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Rethinking International Insolvency: The Neglected Role of Choice-of-Law Rules and Theory

50 Pages Posted: 3 Dec 2004  

Hannah L. Buxbaum

Indiana University Bloomington Maurer School of Law

Abstract

Solutions to the problem of international bankruptcy are generally framed as either universalist (arguing that international bankruptcies should be administered in a single forum) or territorialist (arguing in favor of multiple local bankruptcies). This article seeks to expand this debate by using traditional conflicts theory to examine the problem of cross-border bankruptcy. It analyzes the current regime under which cross-border bankruptcies are administered in U.S. courts, concluding that this regime operates as a multilateralist (jurisdiction-selecting) regime. Concluding that multilateralism is an appropriate method for resolving choice-of-law issues in international insolvency, the article analyzes some possible refinements to the current system. It argues that a more pointedly multilateralist approach would better serve the goals of the international bankruptcy regime.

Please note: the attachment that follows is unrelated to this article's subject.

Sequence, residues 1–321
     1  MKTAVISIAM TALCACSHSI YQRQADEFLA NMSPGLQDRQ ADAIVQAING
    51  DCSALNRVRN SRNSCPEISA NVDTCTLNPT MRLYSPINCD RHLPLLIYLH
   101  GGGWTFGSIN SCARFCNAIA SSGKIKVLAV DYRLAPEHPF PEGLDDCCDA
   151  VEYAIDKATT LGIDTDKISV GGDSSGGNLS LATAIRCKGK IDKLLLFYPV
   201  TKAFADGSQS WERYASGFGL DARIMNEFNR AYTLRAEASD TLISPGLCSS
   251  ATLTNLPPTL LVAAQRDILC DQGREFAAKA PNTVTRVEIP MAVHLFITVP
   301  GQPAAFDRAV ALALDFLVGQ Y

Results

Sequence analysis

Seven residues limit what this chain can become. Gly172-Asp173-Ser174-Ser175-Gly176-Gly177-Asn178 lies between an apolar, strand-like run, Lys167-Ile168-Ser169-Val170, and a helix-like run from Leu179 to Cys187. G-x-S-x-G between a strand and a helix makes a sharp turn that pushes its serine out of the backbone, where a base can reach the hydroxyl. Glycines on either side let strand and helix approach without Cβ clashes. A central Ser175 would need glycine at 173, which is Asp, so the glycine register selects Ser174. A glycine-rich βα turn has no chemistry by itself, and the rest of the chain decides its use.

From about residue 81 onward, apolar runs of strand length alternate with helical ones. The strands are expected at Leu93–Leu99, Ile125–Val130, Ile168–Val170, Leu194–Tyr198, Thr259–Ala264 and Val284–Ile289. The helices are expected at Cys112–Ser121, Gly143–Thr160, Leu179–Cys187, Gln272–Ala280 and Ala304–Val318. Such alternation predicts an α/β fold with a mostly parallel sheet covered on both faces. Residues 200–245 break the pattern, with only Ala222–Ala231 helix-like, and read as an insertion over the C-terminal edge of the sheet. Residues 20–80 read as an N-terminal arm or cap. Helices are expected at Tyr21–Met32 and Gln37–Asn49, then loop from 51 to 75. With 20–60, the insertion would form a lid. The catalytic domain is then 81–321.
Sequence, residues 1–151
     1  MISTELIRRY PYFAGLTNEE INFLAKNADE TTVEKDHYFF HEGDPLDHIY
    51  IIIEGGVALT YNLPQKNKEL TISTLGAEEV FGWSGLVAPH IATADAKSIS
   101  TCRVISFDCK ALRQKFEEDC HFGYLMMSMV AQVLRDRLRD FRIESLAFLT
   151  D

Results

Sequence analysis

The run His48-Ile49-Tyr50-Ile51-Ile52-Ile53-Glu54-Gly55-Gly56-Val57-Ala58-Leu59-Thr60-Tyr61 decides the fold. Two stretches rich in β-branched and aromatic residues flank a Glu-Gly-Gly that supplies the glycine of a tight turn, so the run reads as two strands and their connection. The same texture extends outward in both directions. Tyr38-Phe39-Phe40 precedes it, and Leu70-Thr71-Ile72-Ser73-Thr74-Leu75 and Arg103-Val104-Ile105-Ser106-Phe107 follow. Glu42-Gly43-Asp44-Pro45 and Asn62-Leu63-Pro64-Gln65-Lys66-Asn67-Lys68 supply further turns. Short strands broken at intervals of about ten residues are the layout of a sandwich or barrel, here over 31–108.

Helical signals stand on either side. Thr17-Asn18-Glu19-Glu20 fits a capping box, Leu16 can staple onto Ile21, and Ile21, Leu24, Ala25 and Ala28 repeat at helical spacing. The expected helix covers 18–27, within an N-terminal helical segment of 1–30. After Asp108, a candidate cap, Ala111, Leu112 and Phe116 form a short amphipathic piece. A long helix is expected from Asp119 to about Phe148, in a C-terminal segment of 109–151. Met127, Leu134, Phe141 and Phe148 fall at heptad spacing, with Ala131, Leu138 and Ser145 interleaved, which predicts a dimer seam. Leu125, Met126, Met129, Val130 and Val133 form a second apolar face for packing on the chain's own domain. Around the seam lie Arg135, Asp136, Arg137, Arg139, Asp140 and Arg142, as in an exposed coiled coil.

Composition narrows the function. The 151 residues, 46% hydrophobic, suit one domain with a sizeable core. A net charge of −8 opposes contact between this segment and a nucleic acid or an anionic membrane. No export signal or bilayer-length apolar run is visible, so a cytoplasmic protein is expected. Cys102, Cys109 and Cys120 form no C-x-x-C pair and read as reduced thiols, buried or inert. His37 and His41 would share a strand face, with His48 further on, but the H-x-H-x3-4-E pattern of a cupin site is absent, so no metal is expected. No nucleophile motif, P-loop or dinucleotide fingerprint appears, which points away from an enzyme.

Keywords: International bankruptcy, international insolvency, choice-of-law, comity

Suggested Citation

Buxbaum, Hannah L., Rethinking International Insolvency: The Neglected Role of Choice-of-Law Rules and Theory. Stanford Journal of International Law, Vol. 36, No. 23, 2000. Available at SSRN: https://ssrn.com/abstract=626461

Hannah L. Buxbaum (Contact Author)

Indiana University Bloomington Maurer School of Law ( email )

211 S. Indiana Avenue
Bloomington, IN 47405
United States

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